I would want to argue that the biggest parallel in the plot structure occurs in the way that both Inman and Ada are shown to have to endure a series of challenges before they can be reunited together. Although it is Inman that has to perform the archetypal heroic quest of venturing across America to return to his beloved, both of these central characters have to confront a multitude of different challenges to reach their reunion. Both characters are radically changed as a result, showing how they have matured and grown up through their hardships, although clearly the war has transformed them both from the youthful, innocent and carefree people they once were. Note how, when they meet again, Inman describes Ada's face as being "firmer, harder" and she is dressed as a "mannish boy" in trousers. Inman is described in the following way by Ada:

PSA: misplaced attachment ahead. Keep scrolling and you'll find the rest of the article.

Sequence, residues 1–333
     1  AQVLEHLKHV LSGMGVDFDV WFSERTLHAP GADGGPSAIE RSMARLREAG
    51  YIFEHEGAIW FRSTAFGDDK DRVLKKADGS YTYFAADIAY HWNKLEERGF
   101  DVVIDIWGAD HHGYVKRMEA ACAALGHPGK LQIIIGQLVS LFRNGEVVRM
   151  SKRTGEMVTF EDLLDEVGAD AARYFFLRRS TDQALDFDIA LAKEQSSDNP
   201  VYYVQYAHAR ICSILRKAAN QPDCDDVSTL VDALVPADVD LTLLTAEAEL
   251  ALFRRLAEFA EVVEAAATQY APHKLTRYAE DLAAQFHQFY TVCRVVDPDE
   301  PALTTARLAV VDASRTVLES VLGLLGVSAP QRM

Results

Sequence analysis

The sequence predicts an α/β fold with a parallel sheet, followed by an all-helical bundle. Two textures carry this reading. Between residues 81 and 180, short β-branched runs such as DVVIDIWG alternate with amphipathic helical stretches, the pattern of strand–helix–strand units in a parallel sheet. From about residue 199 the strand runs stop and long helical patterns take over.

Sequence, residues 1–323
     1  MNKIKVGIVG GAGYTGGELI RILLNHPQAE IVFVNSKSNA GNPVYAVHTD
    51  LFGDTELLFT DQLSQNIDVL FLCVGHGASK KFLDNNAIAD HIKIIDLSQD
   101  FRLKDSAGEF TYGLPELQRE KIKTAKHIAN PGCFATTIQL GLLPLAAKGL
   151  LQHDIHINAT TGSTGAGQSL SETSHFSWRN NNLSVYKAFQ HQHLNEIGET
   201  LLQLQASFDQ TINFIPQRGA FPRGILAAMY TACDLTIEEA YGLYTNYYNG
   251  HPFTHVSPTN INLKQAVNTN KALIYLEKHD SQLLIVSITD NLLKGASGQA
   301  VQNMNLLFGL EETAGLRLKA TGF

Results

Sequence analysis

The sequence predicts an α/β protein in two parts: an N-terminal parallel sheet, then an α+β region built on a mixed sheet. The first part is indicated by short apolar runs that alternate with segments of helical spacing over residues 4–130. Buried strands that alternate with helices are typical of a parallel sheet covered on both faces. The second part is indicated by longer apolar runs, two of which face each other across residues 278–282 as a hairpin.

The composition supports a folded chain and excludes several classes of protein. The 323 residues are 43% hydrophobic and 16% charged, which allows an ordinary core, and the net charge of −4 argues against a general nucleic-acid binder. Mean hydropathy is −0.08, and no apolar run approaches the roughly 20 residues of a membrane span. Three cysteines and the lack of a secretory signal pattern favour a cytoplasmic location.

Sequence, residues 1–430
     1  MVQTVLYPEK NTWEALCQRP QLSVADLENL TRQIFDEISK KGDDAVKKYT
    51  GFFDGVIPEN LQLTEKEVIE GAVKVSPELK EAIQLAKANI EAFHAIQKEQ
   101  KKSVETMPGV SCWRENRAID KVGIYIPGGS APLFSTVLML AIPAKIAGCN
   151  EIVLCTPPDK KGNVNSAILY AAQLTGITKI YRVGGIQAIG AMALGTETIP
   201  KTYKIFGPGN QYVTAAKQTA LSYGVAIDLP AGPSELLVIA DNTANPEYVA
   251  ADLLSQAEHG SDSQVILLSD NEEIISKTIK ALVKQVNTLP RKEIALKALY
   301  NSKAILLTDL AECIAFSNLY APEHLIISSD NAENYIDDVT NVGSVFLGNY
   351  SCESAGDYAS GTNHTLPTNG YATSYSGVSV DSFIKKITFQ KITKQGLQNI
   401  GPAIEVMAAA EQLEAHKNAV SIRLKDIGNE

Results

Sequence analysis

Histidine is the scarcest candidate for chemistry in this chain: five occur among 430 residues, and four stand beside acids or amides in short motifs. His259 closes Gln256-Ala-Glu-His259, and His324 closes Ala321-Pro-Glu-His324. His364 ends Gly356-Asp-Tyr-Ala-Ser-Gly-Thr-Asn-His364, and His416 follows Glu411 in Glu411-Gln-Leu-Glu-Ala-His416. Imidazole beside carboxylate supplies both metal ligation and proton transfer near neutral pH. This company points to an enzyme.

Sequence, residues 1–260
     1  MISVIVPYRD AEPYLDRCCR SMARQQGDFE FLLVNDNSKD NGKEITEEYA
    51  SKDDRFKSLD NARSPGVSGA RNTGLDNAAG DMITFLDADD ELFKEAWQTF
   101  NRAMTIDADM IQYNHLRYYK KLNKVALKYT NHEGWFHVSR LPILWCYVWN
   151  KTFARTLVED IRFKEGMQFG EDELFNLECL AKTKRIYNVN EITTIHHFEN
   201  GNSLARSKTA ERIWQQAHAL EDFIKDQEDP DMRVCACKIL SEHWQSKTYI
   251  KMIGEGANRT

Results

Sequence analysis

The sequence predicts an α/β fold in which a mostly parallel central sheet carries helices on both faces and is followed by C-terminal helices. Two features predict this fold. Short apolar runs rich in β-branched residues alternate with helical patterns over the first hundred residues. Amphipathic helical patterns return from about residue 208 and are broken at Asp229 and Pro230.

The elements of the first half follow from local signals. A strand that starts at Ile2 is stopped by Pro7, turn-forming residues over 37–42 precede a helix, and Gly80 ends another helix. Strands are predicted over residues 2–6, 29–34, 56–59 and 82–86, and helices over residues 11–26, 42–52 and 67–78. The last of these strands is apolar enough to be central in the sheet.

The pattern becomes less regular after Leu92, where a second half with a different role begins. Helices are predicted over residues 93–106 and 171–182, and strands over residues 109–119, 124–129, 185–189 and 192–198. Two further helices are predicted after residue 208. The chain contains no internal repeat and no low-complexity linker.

He was blasted and ravaged, worn ragged and weary and thin, but he was nevertheless Inman. Hunger's seal on his brow, like a shadow over him.
Both then have suffered greatly through their separate but parallel experiences, and both have endured much to survive and to be reunited.